The Commodity Futures Trading Commission today announced that the U.S. District Court for the Western District of Washington entered a consent order against Aaron Michael Scott of Portland, Oregon for fraud and misappropriation in connection with a precious metals scheme run by Scott and his now defunct company, BMC Worldwide, Inc. (d/b/a Blue Moon Coins). The order requires Scott to pay $1,381,461.86 in restitution to defrauded customers. Additionally, the order prohibits Scott from further violations of the Commodity Exchange Act and CFTC Regulations and permanently bans him from registering with the CFTC and trading in any commodity interests.
The order resolves a CFTC action against Scott for engaging in fraud and misappropriation in connection with a gold-and-silver scheme from at least October 2013 through April 2014. The case was filed on October 3, 2018. [See CFTC Press Release No. 7822-18]
The order finds that Scott and BMC fraudulently represented that BMC was a highly successful precious metals firm. As detailed in the order, Scott and BMC persuaded customers to purchase gold and silver from BMC by claiming that, among other things, they maintained an inventory of precious metals in stock and would fulfill a customer’s order from that inventory or would purchase precious metals from a supplier upon receipt of payment.
The order also states that Scott and BMC did not maintain an inventory of precious metals sufficient to fulfill customer orders and, in many cases, made no effort to secure the precious metals needed to fulfill customer orders. Instead, they misappropriated the vast majority of customer funds and used them to pay BMC’s operating expenses, invest in other businesses, pay unrelated debts, and refund disgruntled customers or fulfill other customer orders in the nature of a Ponzi scheme.
Parallel Criminal Action
In a separate, parallel criminal action, Scott pleaded guilty to wire fraud on November 1, 2018. [United States v. Scott, No. CR18-5500-RBL (W.D. WA.)] The court sentenced Scott to four years in prison and three years of supervised release on April 5, 2019. The CFTC appreciates the assistance of the U.S. Attorney’s Office for the Western District of Washington.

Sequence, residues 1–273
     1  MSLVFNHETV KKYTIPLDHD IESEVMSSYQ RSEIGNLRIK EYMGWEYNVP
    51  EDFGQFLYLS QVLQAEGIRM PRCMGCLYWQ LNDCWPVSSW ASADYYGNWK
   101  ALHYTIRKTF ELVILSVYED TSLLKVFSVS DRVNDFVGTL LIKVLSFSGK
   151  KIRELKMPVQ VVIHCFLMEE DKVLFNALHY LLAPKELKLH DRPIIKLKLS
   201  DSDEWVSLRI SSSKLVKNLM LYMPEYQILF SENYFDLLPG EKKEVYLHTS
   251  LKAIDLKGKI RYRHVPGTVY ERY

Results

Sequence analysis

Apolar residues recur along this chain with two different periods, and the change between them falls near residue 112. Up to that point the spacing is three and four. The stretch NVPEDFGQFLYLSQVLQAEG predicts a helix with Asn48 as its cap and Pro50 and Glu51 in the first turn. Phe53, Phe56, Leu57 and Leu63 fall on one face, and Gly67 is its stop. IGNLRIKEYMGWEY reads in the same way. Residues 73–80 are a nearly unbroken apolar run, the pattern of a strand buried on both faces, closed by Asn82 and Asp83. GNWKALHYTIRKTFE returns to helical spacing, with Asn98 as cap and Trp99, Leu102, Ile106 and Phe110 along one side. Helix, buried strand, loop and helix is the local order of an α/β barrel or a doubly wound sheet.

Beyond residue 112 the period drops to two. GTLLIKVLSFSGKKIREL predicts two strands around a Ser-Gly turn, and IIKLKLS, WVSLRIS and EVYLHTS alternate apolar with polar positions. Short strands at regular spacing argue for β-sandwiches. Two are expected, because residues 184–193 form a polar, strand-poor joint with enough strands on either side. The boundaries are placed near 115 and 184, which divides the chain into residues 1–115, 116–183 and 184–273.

The CFTC cautions that orders requiring repayment of funds to victims may not result in the recovery of any money lost because the wrongdoers may not have sufficient funds or assets. The CFTC will continue to fight vigorously for the protection of customers and to ensure wrongdoers are held accountable.
The Division of Enforcement staff members responsible for this case are Stephen Turley, Jenny Chapin, Brett Shanks, Jeff Le Riche, Christopher Reed, and Charles Marvine, as well as former staff members James Humphrey, Peter Riggs, and Jo Mettenburg.
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CFTC’s Precious Metals Customer Fraud Advisory
The CFTC has issued several customer protection Fraud Advisories that provide the warning signs of fraud, including the Precious Metals Fraud Advisory, which alerts customers to precious metals fraud and lists simple ways to spot precious metals scams.
Also, before investing or trading with a firm, check the firm’s registration status and disciplinary history, if registered, with the National Futures Association. A company’s registration status can be found at: www.nfa.futures.org/basicnet.
Customers and other individuals can report suspicious activities or information, such as possible violations of commodity trading laws, to the Division of Enforcement via a toll-free hotline 866-FON-CFTC (866-366-2382), file a tip or complaint online, or contact the CFTC Whistleblower Office at whistleblower.gov. Whistleblowers are eligible to receive between 10 and 30 percent of the monetary sanctions collected paid from the CFTC Customer Protection Fund financed through monetary sanctions paid to the CFTC by violators of the Act.